Thursday, January 29, 2015

Railroad crossing stalemate continues

lopes, 5/28/08

Traffic moves through the intersection of Lopes and Cordelia roads near the rail road tracks in Cordelia, May 2008. (Brad Zweerink/Daily Republic)

From page A1 | August 21, 2014 |

FAIRFIELD — Fairfield continues to look for a way to break the logjam that has left Cordelia Road closed at a railroad crossing for more than a year.

The unresolved question remains who should pay for safety improvements to the railroad spur crossing near Hale Ranch Road. City officials have said the cost is $230,000 to $280,000 to do such things as install a median that would keep drivers from trying to cross the tracks when the crossing arms are down.

“Right now, we’re at a standstill with the railroad,” Fairfield City Engineer Kevin Berryhill said Monday.

Candidates to pay for the improvements are Fairfield, Union Pacific Railroad Co., California Northern Railroad and Sacramento-based developer Buzz Oates, which is working on an adjacent development. None has agreed to do so.

Fairfield has also questioned whether the proposed rail crossing improvements are needed.

A meeting between the principle parties and California Public Utilities Commission officials on July 31 failed to resolve the matter. The commission oversees railroad crossings.

“We’re trying to move forward as fast as we possibly can,” Berryhill said.

The closure began in July 2013. Buzz Oates made city-required improvements to a stretch of Cordelia Road adjacent to the Solano Logistics Center, the warehouse development it is building on 52 acres.

Buzz Oates finished widening the road, adding curbs and making other improvements in the fall of 2013. But Cordelia Road can’t be reopened at the railroad crossing until the crossing is repaved.

With the crossing closed, motorists must go about 1½ miles out of their way on a looping detour using Hale Ranch Road, Busch Drive and Chadbourne Road.

City officials said they learned in February that Union Pacific wants $280,000 worth of improvements at the crossing. The railroad spur is owned by Union Pacific and used by the California Northern Railroad to serve the Anheuser-Busch brewery.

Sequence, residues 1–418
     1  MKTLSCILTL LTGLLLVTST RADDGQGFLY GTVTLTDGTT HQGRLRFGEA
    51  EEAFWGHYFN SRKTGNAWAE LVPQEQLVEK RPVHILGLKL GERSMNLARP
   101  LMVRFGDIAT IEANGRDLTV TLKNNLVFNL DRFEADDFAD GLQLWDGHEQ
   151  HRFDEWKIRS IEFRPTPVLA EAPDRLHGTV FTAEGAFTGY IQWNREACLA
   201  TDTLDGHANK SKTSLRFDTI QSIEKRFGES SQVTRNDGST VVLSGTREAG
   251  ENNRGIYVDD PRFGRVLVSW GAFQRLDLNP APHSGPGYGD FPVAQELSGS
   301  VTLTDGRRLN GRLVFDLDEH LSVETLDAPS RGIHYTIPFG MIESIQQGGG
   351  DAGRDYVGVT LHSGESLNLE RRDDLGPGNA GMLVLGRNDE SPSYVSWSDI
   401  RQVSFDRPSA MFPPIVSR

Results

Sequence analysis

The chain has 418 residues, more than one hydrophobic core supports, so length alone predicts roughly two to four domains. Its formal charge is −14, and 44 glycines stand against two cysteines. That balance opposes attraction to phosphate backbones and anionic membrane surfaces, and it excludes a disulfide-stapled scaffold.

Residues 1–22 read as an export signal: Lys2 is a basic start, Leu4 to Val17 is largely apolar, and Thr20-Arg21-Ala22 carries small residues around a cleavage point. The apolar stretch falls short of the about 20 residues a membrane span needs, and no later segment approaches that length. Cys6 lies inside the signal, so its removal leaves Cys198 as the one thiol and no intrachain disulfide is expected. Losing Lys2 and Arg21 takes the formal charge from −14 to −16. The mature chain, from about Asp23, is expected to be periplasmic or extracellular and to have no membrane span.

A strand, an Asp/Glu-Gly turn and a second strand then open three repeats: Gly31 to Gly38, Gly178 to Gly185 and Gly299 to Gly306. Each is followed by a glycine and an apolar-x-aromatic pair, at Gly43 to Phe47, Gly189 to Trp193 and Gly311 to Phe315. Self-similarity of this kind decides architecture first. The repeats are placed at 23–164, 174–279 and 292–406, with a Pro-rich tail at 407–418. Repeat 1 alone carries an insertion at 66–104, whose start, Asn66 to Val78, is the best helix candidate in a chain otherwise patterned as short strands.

Paving cannot be done at the crossing without the cooperation of Union Pacific.

The city in a letter stated that it disagrees with rail crossing improvements recommended by the California Public Utilities Commission, Union Pacific and California Northern. But Union Pacific in an Aug. 11 letter to the city says the improvements are mandated by the California Public Utilities Commission, not the railroads.

“Your disagreement should be addressed to CPUC staff,” said the letter from the law firm Cregger & Chalfant on behalf of Union Pacific.

What remains unclear is why all parties didn’t know about recommended railroad crossing improvements before the Cordelia Road project began.

Fairfield officials said a 1974 resolution by Solano County allowing the railroad spur to cross Cordelia Road states the county doesn’t have to pay for crossing improvements. Fairfield later annexed the land and became the successor to the agreement. Therefore, city officials said, Fairfield shouldn’t have to pay for improvements.

Union Pacific didn’t dispute this point in the Aug. 11 letter. But, the letter said, the 1974 resolution doesn’t require Union Pacific to pay for all future improvements at the railroad spur crossing.

The agreement doesn’t address the responsibility of third parties. Any changes required at the crossing result from activities by the Solano Logistics developer. Solano Logistics should pay for the crossing improvements, the letter said.

Officials with Buzz Oates couldn’t be reached for comment Wednesday.

City Construction Manager Tom Martian said that the city is trying to be a partner and understand the positions of the various parties. But it also has a road to open up, he said.

“It’s really on our front burner,” Martian said. “We’re following through with it.”

Cordelia Road runs southwest of the road closure through rural Solano County to the rural town of Cordelia, Interstate 680 and the Cordelia Villages area of Fairfield. Motorists sometimes use it as an alternative to Interstate 80 when freeway traffic is heavy.

Reach Barry Eberling at 427-6929 or Follow him on Twitter at

Barry Eberling

Barry Eberling

Fatal error: Call to undefined function get_last_login_status() in /www/ on line 134